What Documents to Bring with You to U.S. Embassy:

Note: Since each case is different, it is possible that the Embassy will request additional documents after a preliminary review of the application of the prospective adoptive parent(s).

For processing the child's immigrant visa application, the following original documents with translations are necessary:

1. Certified copy of child's amended birth certificate.

2. Certified copy of final adoption decree registered by civil authorities (Adoption Certificate).

3. Adoption Writ. (Must include a statement to the effect that the biological parent(s) have willingly-renounced all rights to the child in the presence of a competent authority. If such a statement is not included, the document must state clearly the reasons).

4. Salvadoran passport valid for at least six months from the time of visa issuance,

5. Two recent 1 3/4 inch color visa photographs of the child.

6. Medical examination (according to Embassy instructions). If the minor has a physical or mental disability, a notarized statement will be required from the prospective adoptive parents in the United States indicating that they are fully aware of the physical or mental disability of the minor and, in spite of that fact, that they have the intention of finalizing the adoption. This statement can be included in item 19 of form I-600 and also in the home study if more convenient. In that case a separate notarized statement will not be required.

7. In cases where the minor has not been seen or observed in person by both of the prospective adoptive parents, a notarized statement by those parents will be required indicating that they are nevertheless willing to adopt or re-adopt the minor in the United States. Both parties must sign the I-600 after the child has been identified. This means that if one spouse has gone abroad to arrange the adoption, and the other remained in the U.S., the I-600 must be sent by one spouse to the other with the child's identity information completed and returned with an original signature of the absent spouse reflecting their concurrence with the procedure. This is generally done by express courier in the interest of time.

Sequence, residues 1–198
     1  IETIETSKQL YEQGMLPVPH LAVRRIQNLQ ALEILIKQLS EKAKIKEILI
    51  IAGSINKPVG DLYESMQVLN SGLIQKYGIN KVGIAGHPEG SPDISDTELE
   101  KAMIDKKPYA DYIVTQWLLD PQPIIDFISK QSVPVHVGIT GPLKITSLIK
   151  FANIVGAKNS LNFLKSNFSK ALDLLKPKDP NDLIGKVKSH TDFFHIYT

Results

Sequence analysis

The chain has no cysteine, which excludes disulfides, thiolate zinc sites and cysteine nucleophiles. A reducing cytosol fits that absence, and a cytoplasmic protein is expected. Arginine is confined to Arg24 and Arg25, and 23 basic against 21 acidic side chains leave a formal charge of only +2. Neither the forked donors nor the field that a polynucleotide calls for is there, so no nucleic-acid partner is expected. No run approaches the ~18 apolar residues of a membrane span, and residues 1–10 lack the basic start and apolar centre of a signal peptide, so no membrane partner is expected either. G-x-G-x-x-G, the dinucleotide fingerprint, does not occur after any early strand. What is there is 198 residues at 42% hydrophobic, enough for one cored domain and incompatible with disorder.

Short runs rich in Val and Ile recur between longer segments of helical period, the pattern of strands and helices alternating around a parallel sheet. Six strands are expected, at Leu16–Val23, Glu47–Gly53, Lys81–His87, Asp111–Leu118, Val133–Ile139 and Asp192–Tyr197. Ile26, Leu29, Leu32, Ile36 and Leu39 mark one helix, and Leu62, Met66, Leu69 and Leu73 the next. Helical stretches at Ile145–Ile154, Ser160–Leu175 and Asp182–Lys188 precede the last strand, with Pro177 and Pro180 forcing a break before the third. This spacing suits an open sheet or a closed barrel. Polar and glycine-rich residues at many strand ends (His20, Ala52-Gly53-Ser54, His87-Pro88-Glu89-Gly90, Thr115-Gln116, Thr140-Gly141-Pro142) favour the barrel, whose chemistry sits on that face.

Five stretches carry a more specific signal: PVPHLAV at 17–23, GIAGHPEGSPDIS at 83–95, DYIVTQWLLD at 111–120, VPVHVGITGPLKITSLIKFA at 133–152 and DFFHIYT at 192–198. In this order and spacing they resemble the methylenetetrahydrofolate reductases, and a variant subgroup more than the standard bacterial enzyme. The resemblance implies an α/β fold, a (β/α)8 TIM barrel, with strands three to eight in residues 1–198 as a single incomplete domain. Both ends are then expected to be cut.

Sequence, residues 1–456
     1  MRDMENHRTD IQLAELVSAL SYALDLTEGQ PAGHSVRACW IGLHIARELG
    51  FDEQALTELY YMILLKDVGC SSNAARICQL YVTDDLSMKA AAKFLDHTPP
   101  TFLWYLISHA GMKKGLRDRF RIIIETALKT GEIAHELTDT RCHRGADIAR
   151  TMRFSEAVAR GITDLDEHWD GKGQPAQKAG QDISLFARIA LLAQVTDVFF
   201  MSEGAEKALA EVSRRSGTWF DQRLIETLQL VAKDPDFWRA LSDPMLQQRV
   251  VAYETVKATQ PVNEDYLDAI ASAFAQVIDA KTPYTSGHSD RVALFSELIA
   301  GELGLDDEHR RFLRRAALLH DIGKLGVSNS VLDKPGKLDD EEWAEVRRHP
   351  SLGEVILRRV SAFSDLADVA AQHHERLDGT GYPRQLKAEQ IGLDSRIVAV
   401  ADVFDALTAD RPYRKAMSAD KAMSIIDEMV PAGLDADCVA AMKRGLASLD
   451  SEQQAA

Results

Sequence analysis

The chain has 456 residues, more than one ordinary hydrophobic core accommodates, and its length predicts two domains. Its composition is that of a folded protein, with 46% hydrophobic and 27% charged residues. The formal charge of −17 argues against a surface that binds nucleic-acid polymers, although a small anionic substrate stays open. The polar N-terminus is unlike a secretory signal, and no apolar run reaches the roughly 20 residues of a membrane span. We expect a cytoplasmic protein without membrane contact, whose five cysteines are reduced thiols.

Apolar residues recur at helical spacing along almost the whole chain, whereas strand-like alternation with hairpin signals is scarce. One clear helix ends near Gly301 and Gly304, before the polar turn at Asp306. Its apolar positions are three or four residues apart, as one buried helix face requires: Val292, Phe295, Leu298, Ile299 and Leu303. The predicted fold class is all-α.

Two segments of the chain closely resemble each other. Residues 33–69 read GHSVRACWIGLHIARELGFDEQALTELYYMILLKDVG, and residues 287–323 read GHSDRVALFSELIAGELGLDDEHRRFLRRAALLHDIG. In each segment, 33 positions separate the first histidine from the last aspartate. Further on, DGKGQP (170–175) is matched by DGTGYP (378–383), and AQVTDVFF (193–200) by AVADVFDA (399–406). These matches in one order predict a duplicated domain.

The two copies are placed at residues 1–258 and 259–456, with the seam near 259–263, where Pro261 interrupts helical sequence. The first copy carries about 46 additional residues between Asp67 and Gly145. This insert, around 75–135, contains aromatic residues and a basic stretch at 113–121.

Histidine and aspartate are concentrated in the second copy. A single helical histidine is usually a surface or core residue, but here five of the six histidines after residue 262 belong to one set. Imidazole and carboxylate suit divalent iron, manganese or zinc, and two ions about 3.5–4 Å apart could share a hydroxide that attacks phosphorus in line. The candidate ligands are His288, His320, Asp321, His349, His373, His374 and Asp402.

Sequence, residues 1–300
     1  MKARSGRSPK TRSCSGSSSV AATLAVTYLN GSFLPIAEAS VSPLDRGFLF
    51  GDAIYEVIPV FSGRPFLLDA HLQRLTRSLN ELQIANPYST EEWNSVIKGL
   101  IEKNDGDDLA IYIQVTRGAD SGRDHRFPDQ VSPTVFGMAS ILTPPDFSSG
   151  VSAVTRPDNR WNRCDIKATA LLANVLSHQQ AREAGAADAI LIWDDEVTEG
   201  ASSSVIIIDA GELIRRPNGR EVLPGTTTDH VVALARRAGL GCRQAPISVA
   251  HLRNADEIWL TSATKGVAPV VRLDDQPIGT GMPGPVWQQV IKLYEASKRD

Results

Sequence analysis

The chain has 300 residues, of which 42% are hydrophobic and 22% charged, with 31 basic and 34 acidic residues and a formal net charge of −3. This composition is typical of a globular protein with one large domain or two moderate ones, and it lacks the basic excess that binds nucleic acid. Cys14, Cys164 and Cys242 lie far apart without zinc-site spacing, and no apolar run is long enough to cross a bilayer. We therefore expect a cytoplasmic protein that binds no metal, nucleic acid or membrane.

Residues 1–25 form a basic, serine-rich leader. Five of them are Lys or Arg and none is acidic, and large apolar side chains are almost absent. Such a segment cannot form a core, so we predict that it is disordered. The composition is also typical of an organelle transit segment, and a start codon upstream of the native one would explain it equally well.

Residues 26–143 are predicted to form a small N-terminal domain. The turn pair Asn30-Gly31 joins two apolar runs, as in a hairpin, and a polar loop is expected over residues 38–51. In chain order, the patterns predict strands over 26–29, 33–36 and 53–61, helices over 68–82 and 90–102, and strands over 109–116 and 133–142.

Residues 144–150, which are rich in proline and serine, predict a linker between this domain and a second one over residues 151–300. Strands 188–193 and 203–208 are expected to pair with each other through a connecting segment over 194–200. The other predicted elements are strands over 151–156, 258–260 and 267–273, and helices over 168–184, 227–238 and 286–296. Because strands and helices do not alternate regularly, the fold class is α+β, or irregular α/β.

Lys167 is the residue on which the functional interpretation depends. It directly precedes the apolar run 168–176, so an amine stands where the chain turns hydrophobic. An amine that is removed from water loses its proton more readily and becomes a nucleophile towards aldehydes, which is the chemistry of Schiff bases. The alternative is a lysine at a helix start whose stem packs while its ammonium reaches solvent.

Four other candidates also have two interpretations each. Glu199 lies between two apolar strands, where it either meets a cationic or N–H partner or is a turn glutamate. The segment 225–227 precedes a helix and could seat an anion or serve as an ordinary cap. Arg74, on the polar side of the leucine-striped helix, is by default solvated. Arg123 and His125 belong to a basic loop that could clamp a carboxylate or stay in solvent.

8. Form I-134, with tax returns for the past three tax years.

9. In the case of a minor taken to the United States by only one parent or a third party, a notarized statement will be required authorizing that person to take the minor the United States for the purpose of placing him/her with the adoptive parents. This statement can also be included in the judge's authorization for the child to leave El Salvador, Note: There are no provisions in INS regulations for approving petitions signed by agents with powers of attorney. Consequently, even if an agent is physically accompanying the child to the U.S., the adoptive parent(s) must sign the petition itself, after the child has been identified.


INS Fees for I-600 and I-600A Petitions: There is an INS fee of $460 for the filing of an I-600 or I-6OOA petition. If you already have a valid I-600A petition and file an I-600 within one year of the approval of the I-600A, no fee will be charged for the I-600 provided you are only petitioning for one child or for siblings. If you are petitioning for more than one child and the children are not siblings, the I-600 fee will be charged.